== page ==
It seems that as a society we keep throwing out the traditional baby with the bathwater every time a new cultural development occurs, just because it’s new. Here are a few examples of analog values we should retain that relate directly to aging.
Martin Bayne has a radical vision for caregiving that he asked me to run by ChangingAging’s audience. Take a look at what he has to say:
Yesterday I had a conversation with the Quality Improvement Organization (QIO) in my home state of Montana about how to change dementia caregiving practices in the state’s nursing homes. I offered three ideas and would like suggestions from readers.
Dr. Bill has been busy making waves lately with his abolitionist point of view on nursing homes.
Sarah Oliver realized her vision of building a mission-driven handbag company that empowers elders by tapping a knitting circle at a local retirement community to produce her fabrics. The results have been amazing.
We’ve never done a public service announcement before but a reader sent us this letter via Facebook and it’s definitely worth sharing. Hearing loss is tough to face at any age but this free tool can be a big help.
Consumers in the longevity economy are just interested in walkers, medicine and incontinence products, right? Wrong! This couldn’t be further from the truth.
Books on dementia are usually addressed not to friends but to family caregivers or professionals. I approached this book with excitement because we rarely see the words “dementia,” “friendship” and “communities” together.
Next week ChangingAging will be broadcasting two days of the Pioneer Network’s 14th Annual Conference via livestream video August 5-6 from Kansas City, MO, thanks to underwriting by Kimberly-Clark Corporation.
I was privileged to be part of an extraordinary film, Alive Inside by Michael Rossato-Bennett, that documented the small miracles as life re-ignites in the eyes of long-term dementia sufferers when they hear familiar tunes for the first time in years.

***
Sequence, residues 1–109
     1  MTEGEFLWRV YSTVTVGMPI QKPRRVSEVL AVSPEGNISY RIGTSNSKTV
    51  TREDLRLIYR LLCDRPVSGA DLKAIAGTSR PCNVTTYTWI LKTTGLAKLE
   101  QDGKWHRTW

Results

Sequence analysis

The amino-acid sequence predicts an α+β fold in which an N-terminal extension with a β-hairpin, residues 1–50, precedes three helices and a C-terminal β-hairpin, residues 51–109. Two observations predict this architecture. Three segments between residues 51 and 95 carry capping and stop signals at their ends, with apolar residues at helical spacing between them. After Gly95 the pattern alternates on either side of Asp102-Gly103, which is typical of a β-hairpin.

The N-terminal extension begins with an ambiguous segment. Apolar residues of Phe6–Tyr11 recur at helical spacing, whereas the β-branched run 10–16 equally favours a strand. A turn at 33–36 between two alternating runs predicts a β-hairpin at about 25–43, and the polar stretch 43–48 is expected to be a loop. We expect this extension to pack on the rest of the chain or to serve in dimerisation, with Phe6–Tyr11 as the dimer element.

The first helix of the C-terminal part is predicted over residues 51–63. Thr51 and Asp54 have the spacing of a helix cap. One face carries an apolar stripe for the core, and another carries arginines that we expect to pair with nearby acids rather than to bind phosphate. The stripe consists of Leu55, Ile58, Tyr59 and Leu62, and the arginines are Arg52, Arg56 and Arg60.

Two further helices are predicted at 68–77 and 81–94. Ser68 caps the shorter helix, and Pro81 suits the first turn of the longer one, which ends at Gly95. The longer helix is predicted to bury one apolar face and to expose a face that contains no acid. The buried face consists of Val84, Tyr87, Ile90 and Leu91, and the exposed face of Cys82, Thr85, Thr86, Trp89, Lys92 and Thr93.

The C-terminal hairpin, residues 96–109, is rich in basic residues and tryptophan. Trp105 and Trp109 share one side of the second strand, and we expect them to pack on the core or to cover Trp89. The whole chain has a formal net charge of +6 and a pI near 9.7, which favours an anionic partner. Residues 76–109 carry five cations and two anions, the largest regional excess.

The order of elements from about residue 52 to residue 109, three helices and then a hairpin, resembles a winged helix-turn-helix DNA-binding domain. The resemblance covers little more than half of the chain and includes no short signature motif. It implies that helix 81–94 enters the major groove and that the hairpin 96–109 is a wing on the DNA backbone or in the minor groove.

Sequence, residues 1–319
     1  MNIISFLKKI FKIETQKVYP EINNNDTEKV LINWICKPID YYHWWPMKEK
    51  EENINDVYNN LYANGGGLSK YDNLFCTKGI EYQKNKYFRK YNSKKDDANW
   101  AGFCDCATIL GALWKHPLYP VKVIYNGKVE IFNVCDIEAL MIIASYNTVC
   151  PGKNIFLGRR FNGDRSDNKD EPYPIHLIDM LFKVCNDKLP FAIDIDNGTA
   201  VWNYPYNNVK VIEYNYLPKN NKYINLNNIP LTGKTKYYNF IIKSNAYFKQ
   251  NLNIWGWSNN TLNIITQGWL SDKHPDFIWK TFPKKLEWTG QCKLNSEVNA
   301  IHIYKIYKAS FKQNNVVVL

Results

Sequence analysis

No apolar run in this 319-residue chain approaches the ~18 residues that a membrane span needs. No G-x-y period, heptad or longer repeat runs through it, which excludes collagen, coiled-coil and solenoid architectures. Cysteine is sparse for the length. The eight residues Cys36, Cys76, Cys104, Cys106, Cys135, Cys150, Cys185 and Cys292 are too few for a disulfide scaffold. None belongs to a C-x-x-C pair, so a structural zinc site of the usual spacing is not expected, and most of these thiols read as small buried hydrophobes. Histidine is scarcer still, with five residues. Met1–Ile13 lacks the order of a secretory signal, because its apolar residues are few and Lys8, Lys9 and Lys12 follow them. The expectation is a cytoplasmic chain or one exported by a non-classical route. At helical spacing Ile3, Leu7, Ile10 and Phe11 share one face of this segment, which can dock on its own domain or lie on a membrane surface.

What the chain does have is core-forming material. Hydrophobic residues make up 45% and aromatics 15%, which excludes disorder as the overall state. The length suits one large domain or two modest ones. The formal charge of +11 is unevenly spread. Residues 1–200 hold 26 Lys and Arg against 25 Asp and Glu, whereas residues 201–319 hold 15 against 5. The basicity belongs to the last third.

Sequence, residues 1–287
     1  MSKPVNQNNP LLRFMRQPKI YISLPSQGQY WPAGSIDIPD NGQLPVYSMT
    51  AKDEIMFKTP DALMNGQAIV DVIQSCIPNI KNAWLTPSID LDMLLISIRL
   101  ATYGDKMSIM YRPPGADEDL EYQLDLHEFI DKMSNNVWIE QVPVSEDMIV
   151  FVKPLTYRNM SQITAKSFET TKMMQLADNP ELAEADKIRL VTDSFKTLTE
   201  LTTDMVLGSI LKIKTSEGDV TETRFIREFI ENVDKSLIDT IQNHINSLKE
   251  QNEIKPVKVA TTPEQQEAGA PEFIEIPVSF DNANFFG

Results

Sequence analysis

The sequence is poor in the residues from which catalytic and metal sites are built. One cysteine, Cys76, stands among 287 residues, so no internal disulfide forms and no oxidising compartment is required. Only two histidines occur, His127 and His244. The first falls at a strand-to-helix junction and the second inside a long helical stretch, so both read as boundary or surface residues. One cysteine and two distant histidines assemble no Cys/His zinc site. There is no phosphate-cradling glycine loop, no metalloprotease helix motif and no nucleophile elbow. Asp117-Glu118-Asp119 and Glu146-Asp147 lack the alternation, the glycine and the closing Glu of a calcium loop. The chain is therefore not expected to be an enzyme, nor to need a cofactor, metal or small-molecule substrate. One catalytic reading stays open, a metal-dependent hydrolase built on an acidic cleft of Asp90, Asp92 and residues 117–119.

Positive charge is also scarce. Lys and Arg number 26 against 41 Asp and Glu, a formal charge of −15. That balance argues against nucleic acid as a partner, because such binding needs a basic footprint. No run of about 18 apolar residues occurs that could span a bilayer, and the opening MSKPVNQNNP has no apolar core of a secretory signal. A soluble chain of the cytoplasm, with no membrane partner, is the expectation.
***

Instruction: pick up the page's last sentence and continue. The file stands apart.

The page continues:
As we prepare for the largest segment of our labor force to enter into retirement, concerns regarding social security grow and a struggling economy is real for many of us regardless of age.
A generous reading of the “Baby Boom’s” most important contribution to contemporary society is its enduring endorsement of the power of choice to create a better future.
What is momentia? Momentia is a joyful proclamation. Momentia declares the new dementia story, a story not of fear, isolation, despair, futility and loss, but a story of hope, connection, growth, purpose and courage.
Every day, we can choose to continue telling the old dementia story, a story that condemns and terrifies, a story that adds burden to an already challenging journey. Or, we can choose to stop and listen. There’s a new dementia story being told.
Join us live Nov. 19 for the 6th Annual Green House Meeting and Celebration — Revolutionizing Elderhood — in Boston, MA.
It’s time to re-inject some humanity into the unloving scientism and unjust capitalism of the contemporary dementia industry.
Do UStream? You should.
Look for us at the 6th Annual Green House Meeting and Celebration in Boston, MA November 18-20th.
It is not harder to design for older adults just because they have special needs — it is harder to design for them because we refuse to acknowledge their life experience makes them vastly more complex, nuanced and interesting than younger people.
Across the country community groups, agencies and academics are talking about the urgent need to create more elder-friendly communities. Too bad they’re part of the problem, says community activist Jim Diers.
One of the ways old people are maligned are with accusations that we lack a sense of style. Don’t blame us. It’s the fashion industry which has not given one second’s thought to how our body shape differs from that of a 17-year-old.